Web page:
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A SECOND LOOK

An intelligent take on stupidity reborn

January 07, 2007|Dennis Lim | Special to The Times

STUDIOS abandon and manhandle movies all the time, operating under the assumption that some films will benefit most from a cut-and-run release: a kind of cost-effective euthanasia for terminal cases. But 20th Century Fox's treatment of Mike Judge's "Idiocracy" was no mere dump job -- it had the whiff of outright sabotage.

It's curious enough that a film of this pedigree -- the first feature in seven years from the writer-director behind "Beavis and Butt-Head" and "King of the Hill" -- would even be a candidate for the clearance bin. Judge provided this very studio with the 1999 word-of-mouth favorite "Office Space" (which flopped on release but went on to cult-like success in its DVD afterlife) and had presumably built up some corporate goodwill thanks to his long-running Fox TV series.

But that counted for nothing when "Idiocracy" opened Labor Day weekend, without the benefit of press screenings or a marketing campaign, in a mere six cities nationwide. (On the West Coast, it played only in Los Angeles). The film took in a dismal $450,000 -- not surprising given the total absence of ads and trailers and that many reviewers bought into the received wisdom that unscreened movies are duds and panned it accordingly. (This paper's Carina Chocano was one of its lonely champions.)

The disregard was so pervasive that some bloggers have speculated that Fox actively set out to bury "Idiocracy." On Moviefone, the film was mysteriously listed as "Untitled Mike Judge Comedy."

The premise of "Idiocracy," out on DVD Tuesday, is simple and relentlessly enforced: America is the land of the dumb -- and getting dumber fast. Joe (Luke Wilson), an unassuming, thoroughly nondescript slacker, is selected by the military for a cryogenics experiment. Along with a female counterpart, a prostitute played by Maya Rudolph, he is to be frozen for a year. But when the Army base is replaced by a Fuddruckers, the slumbering subjects are forgotten for centuries. When Joe finally wakes, in 2505, he's literally the smartest person on Earth.

It may be that this stinging satire of imbecility hit too close to home for the studio suits. More likely, it was perceived as too insulting for the target demographic. Few American comic talents handle stupidity more intelligently than Judge. "Idiocracy" is not a dumbed-down comedy but a comedy about dumbing down -- an important difference. Its future is a richly imagined dystopia of butt-headedness. The population is so mentally deficient it has lost the capacity for basic self-sufficiency. Garbage mountains loom everywhere. Crops are dying. Water has been replaced by a fluorescent-hued sports drink. ("It's what plants crave," the ad slogan promises.)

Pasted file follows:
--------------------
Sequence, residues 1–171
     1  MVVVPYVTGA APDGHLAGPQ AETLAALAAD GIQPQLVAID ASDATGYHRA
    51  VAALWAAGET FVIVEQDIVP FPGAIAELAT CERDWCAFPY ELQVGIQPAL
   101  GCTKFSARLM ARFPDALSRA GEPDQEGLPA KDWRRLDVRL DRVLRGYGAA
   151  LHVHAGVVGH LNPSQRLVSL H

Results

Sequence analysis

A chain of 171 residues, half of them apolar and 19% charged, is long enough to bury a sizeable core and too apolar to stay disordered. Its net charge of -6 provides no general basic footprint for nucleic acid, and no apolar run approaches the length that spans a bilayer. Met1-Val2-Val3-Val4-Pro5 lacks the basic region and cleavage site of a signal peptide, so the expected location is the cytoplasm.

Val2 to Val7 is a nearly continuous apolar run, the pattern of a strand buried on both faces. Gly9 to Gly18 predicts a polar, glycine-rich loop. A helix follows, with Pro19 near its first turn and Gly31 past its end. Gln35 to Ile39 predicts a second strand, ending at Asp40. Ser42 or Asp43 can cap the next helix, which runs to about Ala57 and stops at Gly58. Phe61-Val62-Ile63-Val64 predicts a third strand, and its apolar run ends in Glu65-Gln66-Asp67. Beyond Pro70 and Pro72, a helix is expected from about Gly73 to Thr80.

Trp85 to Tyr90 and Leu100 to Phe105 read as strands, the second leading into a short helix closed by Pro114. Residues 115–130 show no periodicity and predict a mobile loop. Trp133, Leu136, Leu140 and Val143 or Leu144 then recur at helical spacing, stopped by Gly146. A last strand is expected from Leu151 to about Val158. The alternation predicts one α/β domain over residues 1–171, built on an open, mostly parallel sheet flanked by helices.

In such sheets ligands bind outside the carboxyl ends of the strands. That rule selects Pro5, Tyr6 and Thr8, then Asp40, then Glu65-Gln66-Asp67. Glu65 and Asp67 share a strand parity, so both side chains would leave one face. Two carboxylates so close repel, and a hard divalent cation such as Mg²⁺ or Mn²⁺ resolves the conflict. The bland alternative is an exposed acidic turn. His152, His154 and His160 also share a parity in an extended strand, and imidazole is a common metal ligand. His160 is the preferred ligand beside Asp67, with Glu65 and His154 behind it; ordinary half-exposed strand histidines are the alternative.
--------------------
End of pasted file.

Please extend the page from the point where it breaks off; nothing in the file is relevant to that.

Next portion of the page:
The film is packed with throwaway sight gags and incidental jabs. Judge details the farcical degradation of the medical, judicial and education systems (Costco offers law degrees) and takes particular relish in envisioning a trash-saturated popular culture (near-naked Fox News anchors, a gory gladiatorial spectacle known as "Monday Night Rehabilitation"). America is more than ever a fast-food nation. Carl's Jr. appears to have merged with everything, including the government. In keeping with the overall mood of frat-boy regressiveness, Starbucks has diversified into the sex trade, with menu items such as "full body lattes."

What's more, there is a political point here. "Idiocracy" argues that it's in the interest of the rich and powerful to perpetuate the stupidity, or at least the unquestioning obedience, of the public. Despite the film's obvious misanthropy, there are traces of the class consciousness that fueled "Office Space," an ode to cubicle drones that was essentially "Bartleby the Scrivener" for the age of late capitalism.

"Idiocracy" is not without suspect moments. Its opening montage, which proposes that the stupid are outbreeding the smart, veers awkwardly into eugenics. But Judge's anger at the debased state of American cultural and political life is genuine. It's a contemptuous film, but as with "Borat" (incidentally, also a Fox release), its meanness is focused and cathartic. "Idiocracy" spells out, over and over, what "Borat" amply demonstrates: Stupidity, even when it's funny, can be scary and dangerous.

Its nonrelease may have only enhanced the film's cult status. Maybe that was the plan all along: botch the theatrical run to pique interest in the DVD. If that's so, does that make Fox even stupider or just pretend stupid? Judge could probably explore the distinctions in a hilarious movie. But he shouldn't try to make it for a studio.

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